Christie facing more ‘Bridge-gate’ fallout

Two government bodies may investigate Christie's administration, as class action is filed

New Jersey Gov. Chris Christie enters Borough Hall in Fort Lee to apologize to Mayor Mark Sokolich, Jan. 9, 2014.
Spencer Platt/Getty Images

The political ramifications for New Jersey Gov. Chris Christie and his administration are just beginning to become apparent.

Christie spent Thursday doing damage control after revelations surfaced that the Republican governor’s closest aides ordered lane closures on the George Washington Bridge as political retribution for Fort Lee Mayor Mark Sokolich's refusal to endorse Christie.

After holding a press conference this morning, Christie visited Sokolich to apologize. Christie said they had a "productive meeting." Sokolich said he accepted Christie's apology, but he warned that the relationship wasn't completely mended.

"My concern is making sure that it never happens again in Fort Lee," Sokolich told reporters.

Meanwhile, the chief federal prosecutor in New Jersey, U.S. Attorney Paul Fishman, said he is "reviewing the matter to determine whether a federal law was implicated."

The New Jersey Legislature also is investigating whether Christie's administration used public resources for political ends, which can be a crime.

Democratic Connecticut Gov. Dannel P. Malloy, a former prosecutor and mayor, said there was "no doubt" a crime was committed.

Earlier in the day, David Wildstein, a Christie appointee who resigned from the Port Authority of New York and New Jersey after being implicated in the scandal, was found in contempt by a legislative committee after he invoked his Fifth Amendment right against self-incrimination and refused to answer questions.

A national issue

A local New Jersey lawyer, Rosemarie Arnold, filed a federal class action complaint against Christie and his aides on behalf of six residents. Arnold told the press she hoped anyone who was harmed or inconvenienced by the lane closure would join the suit.

The furor over the local traffic flap has turned into a national issue in the last few days, raising questions about Christie's leadership and integrity as he lays the groundwork for a White House bid.

Democrats at the national level have seized on the scandal as evidence that Christie is a bully.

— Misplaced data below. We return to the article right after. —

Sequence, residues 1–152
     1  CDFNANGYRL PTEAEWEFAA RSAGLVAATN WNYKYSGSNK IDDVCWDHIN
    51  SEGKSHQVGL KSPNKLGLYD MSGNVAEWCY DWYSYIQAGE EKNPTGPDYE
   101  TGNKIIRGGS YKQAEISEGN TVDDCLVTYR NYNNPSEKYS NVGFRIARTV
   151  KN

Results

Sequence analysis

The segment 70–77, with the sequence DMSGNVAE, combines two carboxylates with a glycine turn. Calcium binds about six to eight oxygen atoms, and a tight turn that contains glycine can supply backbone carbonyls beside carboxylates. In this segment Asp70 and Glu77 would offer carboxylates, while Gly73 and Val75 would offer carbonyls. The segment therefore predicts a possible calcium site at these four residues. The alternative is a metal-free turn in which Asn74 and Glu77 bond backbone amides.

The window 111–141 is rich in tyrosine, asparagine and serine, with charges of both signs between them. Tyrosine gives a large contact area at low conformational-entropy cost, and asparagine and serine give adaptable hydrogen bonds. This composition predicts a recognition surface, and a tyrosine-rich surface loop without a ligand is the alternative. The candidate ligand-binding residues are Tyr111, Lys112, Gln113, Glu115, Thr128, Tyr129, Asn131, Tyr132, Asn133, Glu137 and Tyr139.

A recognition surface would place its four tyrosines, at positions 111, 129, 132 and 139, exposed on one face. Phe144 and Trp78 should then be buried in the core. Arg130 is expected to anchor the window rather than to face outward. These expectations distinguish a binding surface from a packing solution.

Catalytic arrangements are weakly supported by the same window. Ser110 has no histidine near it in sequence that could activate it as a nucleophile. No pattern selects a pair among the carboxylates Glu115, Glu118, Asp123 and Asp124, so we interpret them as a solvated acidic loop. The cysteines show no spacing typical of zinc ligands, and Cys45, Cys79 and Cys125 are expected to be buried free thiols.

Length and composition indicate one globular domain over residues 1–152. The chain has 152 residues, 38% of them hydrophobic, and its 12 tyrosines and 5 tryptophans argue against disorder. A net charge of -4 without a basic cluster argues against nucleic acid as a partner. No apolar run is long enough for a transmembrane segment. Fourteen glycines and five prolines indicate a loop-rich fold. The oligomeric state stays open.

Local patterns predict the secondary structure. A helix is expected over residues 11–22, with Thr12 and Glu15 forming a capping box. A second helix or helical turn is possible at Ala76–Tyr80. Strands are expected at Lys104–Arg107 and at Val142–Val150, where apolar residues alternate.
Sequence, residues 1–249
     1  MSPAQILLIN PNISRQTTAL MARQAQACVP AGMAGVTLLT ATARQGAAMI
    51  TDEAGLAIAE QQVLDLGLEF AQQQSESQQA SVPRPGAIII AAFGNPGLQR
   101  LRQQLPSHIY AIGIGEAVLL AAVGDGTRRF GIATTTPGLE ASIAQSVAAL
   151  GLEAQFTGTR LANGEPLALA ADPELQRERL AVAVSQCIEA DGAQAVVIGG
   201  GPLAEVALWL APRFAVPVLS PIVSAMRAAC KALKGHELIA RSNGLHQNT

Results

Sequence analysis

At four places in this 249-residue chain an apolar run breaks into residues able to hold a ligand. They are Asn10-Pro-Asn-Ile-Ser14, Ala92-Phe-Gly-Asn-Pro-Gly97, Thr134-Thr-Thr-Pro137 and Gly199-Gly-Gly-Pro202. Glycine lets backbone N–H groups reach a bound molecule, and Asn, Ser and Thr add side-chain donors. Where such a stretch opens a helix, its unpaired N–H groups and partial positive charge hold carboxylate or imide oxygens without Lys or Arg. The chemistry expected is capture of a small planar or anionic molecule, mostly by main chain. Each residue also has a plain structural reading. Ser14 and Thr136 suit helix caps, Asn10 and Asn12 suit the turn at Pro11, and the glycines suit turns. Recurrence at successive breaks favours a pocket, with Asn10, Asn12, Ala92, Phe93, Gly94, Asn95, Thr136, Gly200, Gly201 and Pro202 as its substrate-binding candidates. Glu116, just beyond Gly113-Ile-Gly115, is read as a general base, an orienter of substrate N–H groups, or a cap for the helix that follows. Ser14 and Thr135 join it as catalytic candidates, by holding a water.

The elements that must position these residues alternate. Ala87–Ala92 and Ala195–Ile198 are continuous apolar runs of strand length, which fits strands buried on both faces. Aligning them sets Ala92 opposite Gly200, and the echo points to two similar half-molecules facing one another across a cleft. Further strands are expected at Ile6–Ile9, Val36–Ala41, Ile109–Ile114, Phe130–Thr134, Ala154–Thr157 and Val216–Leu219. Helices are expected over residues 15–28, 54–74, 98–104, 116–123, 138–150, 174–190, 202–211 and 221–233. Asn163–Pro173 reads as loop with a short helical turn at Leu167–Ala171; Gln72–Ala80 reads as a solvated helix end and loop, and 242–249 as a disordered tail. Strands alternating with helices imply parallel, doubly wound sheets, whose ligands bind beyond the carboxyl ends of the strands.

The governor brushed off questions about the effect on his presidential prospects, saying he was too busy governing the state to think about that.

"I am absolutely nowhere near beginning that consideration process," he said. "I haven't even been sworn in for my second term yet."

Some political analysts on both sides of the aisle said Christie would probably pull through OK — provided there are no more surprises.

Democratic operative David Axelrod complimented Christie for handling the news conference "as well as he could," writing on Twitter, "Unless smoking gun turns up tying him to scheme, or others arise, he lives 2 fight another day."

Christie said he is still looking into the traffic-jam episode and will take action against other senior staff members if it is warranted.

Over and over, Christie took responsibility for the affair by virtue of his role as governor and simultaneously blamed his staff for doing something "stupid" and for not telling him the truth when he asked.

He said he saw the emails and text messages for the first time on Wednesday and was "blindsided" by what he read and outraged by the callous language. He said he was left "heartbroken" and "betrayed" by his tight-knit circle of advisers.

"I had no knowledge or involvement in this issue, in its planning or execution," Christie said of the lane closings. "And I am stunned by the abject stupidity that was shown here."

Al Jazeera and wire services

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